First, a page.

Practical activities designed for use in the classroom with 11- to 19-year-olds.
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A model of vibrating atoms in a solid

Demonstration

This model shows atoms making up a crystal held together by spring-like forces.

Apparatus and materials

Atom model

Health & Safety and Technical notes


Read our standard health & safety guidance

An atom model

The model recommended is large and wobbly. The more rigid types often used in chemistry departments are not suitable. 

Apparatus manufacturers may stock the version needed. The most useful versions are those where the springs are weak enough for the model to wobble like a jelly. However, it must be able to stand up on its own. 
 
Alternately, a model may be made from foamed polystyrene spheres (or even the more massive golf balls) and weak steel springs. The springs have loops on each end and are intended for stretching experiments. Each one should be pre-stretched a little so the coils are separated. Slots are made in the spheres (a very hot domestic table knife blade works well) and the loops on the springs glued into slots. 
 
A cubical array of 27 spheres will do. 

 

Procedure


The model is used as a 'prop' to support a discussion of the way in which the particles in a solid are held together by spring-like forces. 

Show the model to the class and demonstrate how vibrating it will shake the individual atoms, but that they can retain their place in the overall pattern.


Teaching notes


1 For this purpose, this is a better model of a small crystal than one made of spheres glued together. It helps students to think about the part played by the forces holding atoms together. 

When energy is given to the model solid, by shaking it, the individual balls start to move. This leads to the idea that, in a solid containing energy, the atoms may be vibrating and the energy may be in the form of these vibrations. 
 
Feed in more energy and the vibrations become more violent. There are two consequences. 

  • First, the structure becomes bigger/takes up more space. This helps students to understand thermal expansion. 
  • Second, if enough energy is supplied, the vibrations become so violent that the structure breaks up. Melting is thus explained. Or is this really a picture of sublimation (or change directly from solid to gaseous state)?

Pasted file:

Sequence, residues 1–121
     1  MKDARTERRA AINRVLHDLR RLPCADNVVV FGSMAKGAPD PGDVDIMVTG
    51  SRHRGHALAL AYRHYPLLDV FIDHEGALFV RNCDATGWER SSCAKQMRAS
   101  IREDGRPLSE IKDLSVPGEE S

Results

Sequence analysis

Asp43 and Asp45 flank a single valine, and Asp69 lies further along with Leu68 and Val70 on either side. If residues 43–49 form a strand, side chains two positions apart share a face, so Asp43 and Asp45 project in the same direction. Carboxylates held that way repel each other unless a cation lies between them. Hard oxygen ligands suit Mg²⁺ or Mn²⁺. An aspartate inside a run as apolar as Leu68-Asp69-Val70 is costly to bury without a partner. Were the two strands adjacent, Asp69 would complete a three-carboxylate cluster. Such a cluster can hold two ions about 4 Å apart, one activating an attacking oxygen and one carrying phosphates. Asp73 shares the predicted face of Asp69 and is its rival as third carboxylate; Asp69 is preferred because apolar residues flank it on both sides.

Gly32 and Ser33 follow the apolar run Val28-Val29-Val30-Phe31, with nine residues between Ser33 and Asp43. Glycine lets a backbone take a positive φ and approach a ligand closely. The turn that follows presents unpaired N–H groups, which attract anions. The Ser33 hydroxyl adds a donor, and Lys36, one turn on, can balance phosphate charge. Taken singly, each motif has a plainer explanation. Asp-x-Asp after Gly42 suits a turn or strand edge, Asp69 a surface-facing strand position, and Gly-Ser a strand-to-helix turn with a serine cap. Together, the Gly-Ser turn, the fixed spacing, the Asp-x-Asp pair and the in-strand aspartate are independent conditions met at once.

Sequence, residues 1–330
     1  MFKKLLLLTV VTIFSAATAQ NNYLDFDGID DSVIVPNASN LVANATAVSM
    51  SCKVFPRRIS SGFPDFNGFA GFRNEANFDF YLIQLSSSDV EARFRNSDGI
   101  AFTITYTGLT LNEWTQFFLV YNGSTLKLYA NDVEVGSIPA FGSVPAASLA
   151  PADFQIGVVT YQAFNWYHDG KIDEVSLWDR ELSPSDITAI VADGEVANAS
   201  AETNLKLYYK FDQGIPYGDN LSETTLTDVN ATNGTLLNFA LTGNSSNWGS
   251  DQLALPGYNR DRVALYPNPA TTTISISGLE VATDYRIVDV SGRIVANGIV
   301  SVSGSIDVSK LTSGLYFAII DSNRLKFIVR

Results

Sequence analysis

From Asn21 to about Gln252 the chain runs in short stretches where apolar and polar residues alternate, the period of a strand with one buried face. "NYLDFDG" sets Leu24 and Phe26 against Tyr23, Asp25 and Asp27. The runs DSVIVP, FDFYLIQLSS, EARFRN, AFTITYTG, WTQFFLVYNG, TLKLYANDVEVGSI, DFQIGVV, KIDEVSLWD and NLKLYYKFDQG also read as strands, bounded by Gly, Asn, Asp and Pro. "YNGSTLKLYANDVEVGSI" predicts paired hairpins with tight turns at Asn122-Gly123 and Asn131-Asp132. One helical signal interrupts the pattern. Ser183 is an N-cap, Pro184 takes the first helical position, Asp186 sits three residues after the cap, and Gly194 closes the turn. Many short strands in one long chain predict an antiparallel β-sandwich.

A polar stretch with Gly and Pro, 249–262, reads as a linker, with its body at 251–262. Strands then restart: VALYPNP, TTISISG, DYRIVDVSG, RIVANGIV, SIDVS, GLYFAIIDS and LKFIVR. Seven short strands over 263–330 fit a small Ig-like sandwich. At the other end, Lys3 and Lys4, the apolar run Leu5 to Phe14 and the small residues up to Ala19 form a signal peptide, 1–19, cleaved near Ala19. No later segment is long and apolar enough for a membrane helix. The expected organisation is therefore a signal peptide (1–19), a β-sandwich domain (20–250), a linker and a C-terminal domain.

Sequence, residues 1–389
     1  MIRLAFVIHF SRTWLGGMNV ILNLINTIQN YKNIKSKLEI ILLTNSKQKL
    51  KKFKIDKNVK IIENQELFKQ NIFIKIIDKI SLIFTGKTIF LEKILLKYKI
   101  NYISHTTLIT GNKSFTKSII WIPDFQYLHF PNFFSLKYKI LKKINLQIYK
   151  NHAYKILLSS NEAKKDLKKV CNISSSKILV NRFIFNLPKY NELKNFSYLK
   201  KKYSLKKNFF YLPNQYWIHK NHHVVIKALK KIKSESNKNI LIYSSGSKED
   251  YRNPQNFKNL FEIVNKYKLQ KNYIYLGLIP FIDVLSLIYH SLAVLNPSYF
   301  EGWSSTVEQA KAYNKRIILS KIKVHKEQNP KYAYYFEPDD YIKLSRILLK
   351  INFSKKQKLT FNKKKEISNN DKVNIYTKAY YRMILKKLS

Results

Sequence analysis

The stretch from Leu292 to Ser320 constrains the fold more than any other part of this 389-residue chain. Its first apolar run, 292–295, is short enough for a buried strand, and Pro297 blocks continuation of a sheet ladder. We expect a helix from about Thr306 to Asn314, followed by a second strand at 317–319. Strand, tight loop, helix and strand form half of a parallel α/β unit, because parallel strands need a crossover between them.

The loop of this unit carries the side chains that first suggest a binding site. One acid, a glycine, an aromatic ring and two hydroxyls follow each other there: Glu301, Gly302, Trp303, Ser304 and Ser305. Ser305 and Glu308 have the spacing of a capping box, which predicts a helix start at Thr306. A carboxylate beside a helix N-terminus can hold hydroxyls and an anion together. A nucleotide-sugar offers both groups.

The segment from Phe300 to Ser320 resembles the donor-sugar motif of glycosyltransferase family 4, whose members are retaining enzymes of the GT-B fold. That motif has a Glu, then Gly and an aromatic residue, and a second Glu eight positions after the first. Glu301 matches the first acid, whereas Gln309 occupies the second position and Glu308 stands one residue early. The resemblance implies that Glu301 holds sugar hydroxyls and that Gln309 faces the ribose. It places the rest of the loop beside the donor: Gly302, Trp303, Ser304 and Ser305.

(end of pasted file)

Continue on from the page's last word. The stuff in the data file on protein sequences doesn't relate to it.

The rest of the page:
2 Energy given to the outer layer of 'atoms' by vibrating them more violently will be communicated to the next layer of atoms. This shows how energy might be conducted through a solid material. The vibrations themselves increase in amplitude when more energy is given to the model, but the frequency remains the same. You can imagine the atoms in a solid elbowing each other a little further apart as they vibrate more and more. 
 
3 At advanced level you would go into details of the balance between the short-range attractiveforces between atoms and the very short-range repulsive forces between the same atoms. These forces must maintain the system in equilibrium, changing their values when atomic vibrations increase because those vibrations carry individual atoms to different distances where they experience different forces. As a result of those changes of forces, the whole array takes up a different length and strength, again in equilibrium. This is too complicated a story to tell at an introductory level. 
 
4 All scientific models have limits and they do not behave like the 'real thing'. It is important to stress the limits of the models in use. 
 
This experiment was safety-checked in March 2006

 

Related guidance


Crystals and atomic models for beginners

 

Page last updated on 09 November 2011